The Quad Cities Manufacturing Innovation Hub, formally launched last fall, is designed to be part planning organization and part business outreach. Supporters envision an organization that eventually will know nearly everything about the capabilities of Quad Cities manufacturers and therefore will be able to tackle items such as workforce and technology problems on a massive, regionwide scale. Building that scope will take years, however. So Hub officials right now are working to solve immediate needs by matching manufacturers with a host of experts who can make those businesses better.
CIRAS, a formal partner with the Hub, is slated to play a key role.
“I’m their connection to resources that are available to Iowa manufacturers,” said Glenn Volkman, CIRAS account manager for the Quad Cities region. “Our role in this is to be service providers and to partner with them on new services that can be provided.”
“We talk about us being the Sherpa,” Burnett said of his organization. “We’re going to hold [businesses’] hands the whole way. But we’re going to need specialists to help us with different parts of the journey.”
The journey of the Quad Cities Manufacturing Innovation Hub formally began in August 2015, when the 6-year- old Quad Cities Chamber of Commerce officially launched its new entity out of the chamber’s Davenport office.
Paul Rumler, the chamber’s former chief economic development officer, described it then as a tool to speed development of the 900-some manufacturing companies who exist within a 80-mile radius of the Quad Cities. Manufacturing makes up 18 to 20 percent of the regional economy, according to Rumler, while providing roughly 16 percent of its jobs. Many of those are small companies who soon could face new requirements from their customers to do business in newer, more high-tech ways.
“It’s our job to look over the horizon,” Rumler said in February. “There is a litany of technology needs that will be coming over the next few years… If we can ensure that the majority of our manufacturers are digital ready, then we’ll be in a really good place.”
Toward that end, the Hub in November announced a partnership with the Chicago-based Digital Manufacturing and Design Innovation Institute (DMDII), a $320 million public-private partnership created to tackle various manufacturing issues using digital design technology. The relationship means Quad Cities businesses will have early access to promising new technology, while DMDII researchers will get to test new methods in a regional economy.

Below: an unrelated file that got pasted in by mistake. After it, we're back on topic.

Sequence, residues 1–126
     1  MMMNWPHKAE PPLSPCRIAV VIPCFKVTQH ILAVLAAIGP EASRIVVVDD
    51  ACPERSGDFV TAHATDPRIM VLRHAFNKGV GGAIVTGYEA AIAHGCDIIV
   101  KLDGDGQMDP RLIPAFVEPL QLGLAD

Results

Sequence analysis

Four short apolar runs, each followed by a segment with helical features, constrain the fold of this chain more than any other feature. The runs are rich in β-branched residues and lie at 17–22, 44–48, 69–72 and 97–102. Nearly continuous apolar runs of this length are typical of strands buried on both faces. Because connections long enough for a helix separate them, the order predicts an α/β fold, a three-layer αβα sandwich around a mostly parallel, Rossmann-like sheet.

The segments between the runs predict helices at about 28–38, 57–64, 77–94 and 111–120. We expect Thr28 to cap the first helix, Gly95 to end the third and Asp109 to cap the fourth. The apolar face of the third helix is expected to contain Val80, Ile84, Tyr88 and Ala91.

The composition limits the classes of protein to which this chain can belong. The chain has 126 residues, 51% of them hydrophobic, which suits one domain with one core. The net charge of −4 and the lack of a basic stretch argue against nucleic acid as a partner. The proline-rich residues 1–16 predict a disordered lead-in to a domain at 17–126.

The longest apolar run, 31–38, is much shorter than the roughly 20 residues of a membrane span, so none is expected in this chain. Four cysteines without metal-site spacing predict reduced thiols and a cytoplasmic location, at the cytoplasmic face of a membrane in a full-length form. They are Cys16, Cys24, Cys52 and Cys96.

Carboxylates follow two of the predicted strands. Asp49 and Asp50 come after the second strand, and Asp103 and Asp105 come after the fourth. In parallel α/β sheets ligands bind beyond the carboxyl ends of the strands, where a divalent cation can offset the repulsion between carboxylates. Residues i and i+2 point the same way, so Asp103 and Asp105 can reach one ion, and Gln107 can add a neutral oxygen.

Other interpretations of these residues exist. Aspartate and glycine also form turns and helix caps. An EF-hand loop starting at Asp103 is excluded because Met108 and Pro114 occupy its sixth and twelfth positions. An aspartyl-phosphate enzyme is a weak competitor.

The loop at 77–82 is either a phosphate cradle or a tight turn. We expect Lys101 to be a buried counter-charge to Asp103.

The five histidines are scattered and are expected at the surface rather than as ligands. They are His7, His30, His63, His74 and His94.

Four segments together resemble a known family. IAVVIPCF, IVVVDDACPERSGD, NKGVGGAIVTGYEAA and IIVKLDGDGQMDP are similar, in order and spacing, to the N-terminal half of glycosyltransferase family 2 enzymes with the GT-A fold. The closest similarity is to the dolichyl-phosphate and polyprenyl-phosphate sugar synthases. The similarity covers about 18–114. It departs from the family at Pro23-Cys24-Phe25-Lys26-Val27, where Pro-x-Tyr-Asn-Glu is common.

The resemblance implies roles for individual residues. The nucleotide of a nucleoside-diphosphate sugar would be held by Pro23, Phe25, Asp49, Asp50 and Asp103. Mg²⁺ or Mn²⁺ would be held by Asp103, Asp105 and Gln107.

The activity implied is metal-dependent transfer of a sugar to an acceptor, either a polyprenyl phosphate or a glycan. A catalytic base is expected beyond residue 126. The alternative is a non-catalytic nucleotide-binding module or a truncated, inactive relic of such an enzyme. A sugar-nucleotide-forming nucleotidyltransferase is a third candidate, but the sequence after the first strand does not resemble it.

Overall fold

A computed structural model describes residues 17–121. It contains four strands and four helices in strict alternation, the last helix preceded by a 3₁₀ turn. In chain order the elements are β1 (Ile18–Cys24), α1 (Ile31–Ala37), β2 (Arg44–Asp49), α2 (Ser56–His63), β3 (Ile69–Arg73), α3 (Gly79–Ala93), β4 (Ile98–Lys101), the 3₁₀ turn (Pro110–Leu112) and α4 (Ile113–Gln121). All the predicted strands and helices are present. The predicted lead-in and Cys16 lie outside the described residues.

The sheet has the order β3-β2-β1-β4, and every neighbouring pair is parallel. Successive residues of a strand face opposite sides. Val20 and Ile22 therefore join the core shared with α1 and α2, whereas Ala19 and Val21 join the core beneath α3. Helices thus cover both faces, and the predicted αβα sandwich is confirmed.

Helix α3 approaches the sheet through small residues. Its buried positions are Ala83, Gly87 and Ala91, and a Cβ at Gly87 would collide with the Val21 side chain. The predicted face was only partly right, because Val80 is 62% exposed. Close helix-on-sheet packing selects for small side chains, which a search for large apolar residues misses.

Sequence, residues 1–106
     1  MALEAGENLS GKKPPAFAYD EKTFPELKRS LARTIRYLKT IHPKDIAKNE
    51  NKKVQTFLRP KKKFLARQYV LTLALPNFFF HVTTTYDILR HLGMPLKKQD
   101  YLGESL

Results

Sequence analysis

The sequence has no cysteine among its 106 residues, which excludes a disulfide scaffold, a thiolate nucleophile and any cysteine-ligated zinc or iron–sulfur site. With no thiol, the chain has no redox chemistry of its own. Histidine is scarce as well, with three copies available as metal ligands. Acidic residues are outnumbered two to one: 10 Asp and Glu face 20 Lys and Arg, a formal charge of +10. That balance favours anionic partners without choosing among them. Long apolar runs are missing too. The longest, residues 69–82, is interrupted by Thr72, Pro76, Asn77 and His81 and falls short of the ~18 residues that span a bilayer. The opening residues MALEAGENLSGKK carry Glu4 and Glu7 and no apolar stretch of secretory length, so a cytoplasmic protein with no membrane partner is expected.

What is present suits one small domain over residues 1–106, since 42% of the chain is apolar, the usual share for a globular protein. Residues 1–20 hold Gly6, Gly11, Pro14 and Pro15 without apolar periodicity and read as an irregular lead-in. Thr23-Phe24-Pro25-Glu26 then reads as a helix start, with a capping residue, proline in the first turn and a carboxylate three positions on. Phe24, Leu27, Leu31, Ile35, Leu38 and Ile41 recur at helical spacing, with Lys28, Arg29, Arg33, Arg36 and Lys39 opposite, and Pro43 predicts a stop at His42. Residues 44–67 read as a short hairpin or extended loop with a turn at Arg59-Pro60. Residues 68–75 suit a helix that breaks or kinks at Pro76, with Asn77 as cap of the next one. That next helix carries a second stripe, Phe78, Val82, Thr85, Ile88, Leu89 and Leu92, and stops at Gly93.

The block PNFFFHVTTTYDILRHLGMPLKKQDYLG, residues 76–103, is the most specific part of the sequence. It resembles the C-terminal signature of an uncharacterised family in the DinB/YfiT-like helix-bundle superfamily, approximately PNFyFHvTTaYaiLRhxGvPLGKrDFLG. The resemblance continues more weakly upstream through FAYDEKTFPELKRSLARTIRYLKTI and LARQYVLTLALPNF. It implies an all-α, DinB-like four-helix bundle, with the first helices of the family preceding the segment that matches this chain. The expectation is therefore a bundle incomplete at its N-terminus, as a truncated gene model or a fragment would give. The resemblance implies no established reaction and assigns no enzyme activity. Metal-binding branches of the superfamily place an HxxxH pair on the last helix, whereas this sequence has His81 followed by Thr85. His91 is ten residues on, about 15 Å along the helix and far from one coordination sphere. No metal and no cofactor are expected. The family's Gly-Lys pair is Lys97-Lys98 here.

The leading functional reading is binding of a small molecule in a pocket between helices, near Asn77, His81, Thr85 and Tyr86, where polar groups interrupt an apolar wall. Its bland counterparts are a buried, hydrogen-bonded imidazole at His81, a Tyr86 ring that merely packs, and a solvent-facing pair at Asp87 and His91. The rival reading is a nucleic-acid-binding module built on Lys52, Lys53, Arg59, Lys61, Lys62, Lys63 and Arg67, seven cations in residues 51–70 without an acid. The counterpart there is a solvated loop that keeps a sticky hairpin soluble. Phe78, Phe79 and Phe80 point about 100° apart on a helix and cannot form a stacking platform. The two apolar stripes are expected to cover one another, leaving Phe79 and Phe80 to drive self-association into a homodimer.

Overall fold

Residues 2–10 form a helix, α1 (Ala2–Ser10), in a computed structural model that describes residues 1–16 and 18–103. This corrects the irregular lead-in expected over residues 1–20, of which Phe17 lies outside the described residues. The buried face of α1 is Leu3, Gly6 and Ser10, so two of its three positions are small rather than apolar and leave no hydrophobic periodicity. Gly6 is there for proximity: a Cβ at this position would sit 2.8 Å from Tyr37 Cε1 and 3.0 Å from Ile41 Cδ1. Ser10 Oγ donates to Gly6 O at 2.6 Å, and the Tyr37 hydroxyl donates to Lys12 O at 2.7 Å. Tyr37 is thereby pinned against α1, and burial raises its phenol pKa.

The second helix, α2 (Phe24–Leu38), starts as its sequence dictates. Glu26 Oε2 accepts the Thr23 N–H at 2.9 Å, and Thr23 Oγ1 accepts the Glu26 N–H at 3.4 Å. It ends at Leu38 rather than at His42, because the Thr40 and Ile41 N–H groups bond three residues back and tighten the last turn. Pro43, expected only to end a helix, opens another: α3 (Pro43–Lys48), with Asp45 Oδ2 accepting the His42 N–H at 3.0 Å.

The Quad Cities Chamber of Commerce also is partnering with the University of Illinois, John Deere, and others to perform a $5.5 million assessment of “Illinois communities that have been adversely impacted by changes in federal defense spending.” Combined with other grants, the assessment means Burnett’s organization will spend the next few years painstakingly developing a comprehensive assessment of Quad Cities manufacturers, what they can do, and what they need—as well as trying to pinpoint the high-priority areas where more resources should be focused.
“What we’re trying to do is map the assets—all of the manufacturing assets that are in eastern Iowa and western Illinois—and understand what are our strengths, weaknesses, opportunities, and threats,” Burnett said. “Basically, we’re going to ask what technologies are going to be most important to manufacturing in the future. So when we go to diversify, we can plan for the future.”
For example, one possible role for the Hub would be to form cooperatives so that many small manufacturers can lower modernization costs and share time on expensive machinery.
“This really gets visionary in a hurry,” Burnett said. “What we’re really trying to do is create this manufacturing ecosystem… It’s a world where all the key economic players understand what the drivers are, and they’re all playing
their roles. It really is a Silicon Valley kind of an idea that we’re trying to create— one focused on manufacturing technology.”
Rumler and Burnett acknowledge that major benefits from this aspect of the Hub may be years away—although Burnett believes “it could happen actually quicker than you think, because there’s some really cool economies of scale that can be had. You just have to have somebody to herd the cats.”
Technology advancement means “everybody is going 100 miles an hour in the same direction,” he said. “What if we had somebody up in the control tower to make sure we’re sharing more?”
In the meantime, the Quad Cities Manufacturing Innovation Hub is reaching out to individual companies through entities such as CIRAS, Iowa Innovation Corporation, Iowa Lean Consortium, the University of Iowa, and various community colleges, as well as the Illinois Manufacturing Excellence Center, CIRAS’ sister affiliate for Illinois in the federal government’s Manufacturing Extension Partnership.
Volkman said CIRAS, following up on questionnaires circulated by the Quad Cities Chamber of Commerce, already has been working with companies to identify various needs. Some want help with Internet sales, he said, while some are being pushed by their business customers to upgrade equipment or achieve higher levels of certification.
“The recognition is that a lot of Iowa manufacturers are not digital ready,” Volkman said. “They’re not using computer-aided design. Their equipment is not hooked up to the Internet. So, another big push is to get some of these legacy companies up to date.”
Burnett believes the next few years will be essential to get Quad Cities manufacturers to take the Manufacturing Innovation Hub seriously and buy into its mission.
“If I can’t help you with your everyday problem,” he said, “then why are you going to worry when I tell you about a problem that might not occur for a few months or years?”
For more information about CIRAS’ role in the Quad Cities Manufacturing Innovation Hub, contact Glenn Volkman at gvolkman@ iastate.edu or 515-205-3786.